Unfortunately, on Saturday, Wilson looked like a quarterback who hadn't played a good defense all year, playing a good defense. The end result was several ill-advised throws, two picks, an intentional grounding call for a safety, and easily the worst start of his brief Badger career: 14-21, 223 yards, 2 TDs, 2 INTs (Yes, that is his worst start. Like we said, bad defenses). Now, Wilson did engineer four touchdown drives, so it's not as if he was beaten into submission all night, but the offense completely fell apart when Montee Bell was on the sidelines, leading one to wonder if the key to keeping the Badger offense rolling has never actually been Wilson to begin with.
WINNER: Keith Nichol
Keith Nichol, seen at right with a very good reason to smile, hasn't had very many opportunities to be a hero in his college career, though it seemed at the start that he'd have chances at every turn; he was originally recruited by Bob Stoops to be a quarterback for Oklahoma, and he only went to MSU because of the emergence of one Sam Bradford down there. Once Nichol transferred to Michigan State, he split time in a QB platoon with Kirk Cousins at the beginning of 2009 before Cousins was named the full-time starter.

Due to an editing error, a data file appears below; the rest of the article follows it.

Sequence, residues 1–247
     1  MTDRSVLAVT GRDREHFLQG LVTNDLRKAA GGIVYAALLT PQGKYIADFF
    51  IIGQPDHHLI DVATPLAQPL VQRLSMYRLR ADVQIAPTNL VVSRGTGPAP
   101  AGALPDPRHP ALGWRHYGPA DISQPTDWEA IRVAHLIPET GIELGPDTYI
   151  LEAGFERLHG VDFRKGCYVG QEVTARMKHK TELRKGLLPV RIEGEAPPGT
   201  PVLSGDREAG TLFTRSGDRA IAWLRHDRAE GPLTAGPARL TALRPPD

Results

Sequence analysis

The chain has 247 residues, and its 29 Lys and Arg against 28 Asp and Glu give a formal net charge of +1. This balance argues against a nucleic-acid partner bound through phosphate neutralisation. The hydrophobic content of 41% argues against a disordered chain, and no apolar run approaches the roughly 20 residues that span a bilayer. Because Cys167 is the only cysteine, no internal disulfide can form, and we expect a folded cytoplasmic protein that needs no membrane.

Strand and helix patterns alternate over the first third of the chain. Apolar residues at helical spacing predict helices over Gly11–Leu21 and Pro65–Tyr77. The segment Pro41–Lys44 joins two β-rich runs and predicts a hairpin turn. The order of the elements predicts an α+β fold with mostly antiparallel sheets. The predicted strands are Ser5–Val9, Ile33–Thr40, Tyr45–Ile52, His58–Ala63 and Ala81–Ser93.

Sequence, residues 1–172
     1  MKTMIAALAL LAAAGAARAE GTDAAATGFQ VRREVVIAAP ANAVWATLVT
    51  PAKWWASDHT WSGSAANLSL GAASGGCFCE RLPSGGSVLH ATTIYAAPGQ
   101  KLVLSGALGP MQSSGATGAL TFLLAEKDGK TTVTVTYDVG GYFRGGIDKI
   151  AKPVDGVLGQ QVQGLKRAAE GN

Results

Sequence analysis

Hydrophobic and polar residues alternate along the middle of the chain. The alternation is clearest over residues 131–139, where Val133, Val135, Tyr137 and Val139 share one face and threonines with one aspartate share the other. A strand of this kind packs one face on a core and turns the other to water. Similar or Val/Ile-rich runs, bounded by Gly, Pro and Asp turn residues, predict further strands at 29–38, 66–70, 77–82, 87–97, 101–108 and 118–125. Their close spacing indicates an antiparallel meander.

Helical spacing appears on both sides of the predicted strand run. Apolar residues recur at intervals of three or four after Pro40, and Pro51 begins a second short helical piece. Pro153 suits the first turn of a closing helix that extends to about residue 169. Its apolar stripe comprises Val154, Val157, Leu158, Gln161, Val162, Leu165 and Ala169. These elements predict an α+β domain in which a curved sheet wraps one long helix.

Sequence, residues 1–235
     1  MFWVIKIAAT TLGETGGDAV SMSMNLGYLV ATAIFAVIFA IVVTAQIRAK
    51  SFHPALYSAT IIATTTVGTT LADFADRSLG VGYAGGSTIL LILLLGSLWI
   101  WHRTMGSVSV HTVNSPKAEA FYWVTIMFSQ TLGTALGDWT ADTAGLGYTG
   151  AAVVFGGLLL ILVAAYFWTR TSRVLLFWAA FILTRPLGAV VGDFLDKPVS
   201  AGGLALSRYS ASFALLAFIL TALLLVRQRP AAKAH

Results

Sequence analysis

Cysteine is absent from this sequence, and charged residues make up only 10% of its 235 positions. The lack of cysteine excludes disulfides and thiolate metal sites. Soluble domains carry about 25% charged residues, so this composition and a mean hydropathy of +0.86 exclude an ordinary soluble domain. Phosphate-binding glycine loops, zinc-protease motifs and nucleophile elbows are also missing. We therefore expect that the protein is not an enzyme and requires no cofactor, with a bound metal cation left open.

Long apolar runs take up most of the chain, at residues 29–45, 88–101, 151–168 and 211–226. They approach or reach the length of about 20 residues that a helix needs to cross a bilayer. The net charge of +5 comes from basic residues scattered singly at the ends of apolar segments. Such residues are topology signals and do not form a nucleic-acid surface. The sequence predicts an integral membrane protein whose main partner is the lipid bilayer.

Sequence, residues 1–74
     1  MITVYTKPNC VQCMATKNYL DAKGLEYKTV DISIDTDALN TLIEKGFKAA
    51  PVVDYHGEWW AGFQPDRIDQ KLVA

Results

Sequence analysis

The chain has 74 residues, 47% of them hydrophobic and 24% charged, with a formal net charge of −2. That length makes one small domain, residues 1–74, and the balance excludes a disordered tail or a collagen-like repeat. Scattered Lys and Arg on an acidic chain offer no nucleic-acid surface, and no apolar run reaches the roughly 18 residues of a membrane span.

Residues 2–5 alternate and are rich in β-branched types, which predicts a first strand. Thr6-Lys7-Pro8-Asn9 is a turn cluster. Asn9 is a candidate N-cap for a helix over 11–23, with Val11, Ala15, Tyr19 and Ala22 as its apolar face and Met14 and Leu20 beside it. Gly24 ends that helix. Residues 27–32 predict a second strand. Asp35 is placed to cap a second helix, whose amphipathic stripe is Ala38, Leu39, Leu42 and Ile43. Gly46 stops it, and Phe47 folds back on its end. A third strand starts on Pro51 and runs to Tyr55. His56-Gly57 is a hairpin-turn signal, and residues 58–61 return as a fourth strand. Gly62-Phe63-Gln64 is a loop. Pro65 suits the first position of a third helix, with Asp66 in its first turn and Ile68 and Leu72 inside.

Now, there are plenty of quarterbacks who would have simply transferred to an FCS school in search of immediate playing time at that point, and nobody would have begrudged Nichol if that was the path he had chosen. Instead, a spate of WR suspensions going into the 2009 Alamo Bowl against Texas Tech prompted Nichol to switch to wideout, and while he hasn't set the world on fire there, he has at least remained a productive 4th option for Cousins -- and a loyal teammate to the rest of the program. It takes a lot of maturity to catch passes from the guy who beat you out for a starting role at QB, and if that doesn't sound true, try beign forced into a different job at work and taking orders from the person who took the job you wanted. Right. Not fun.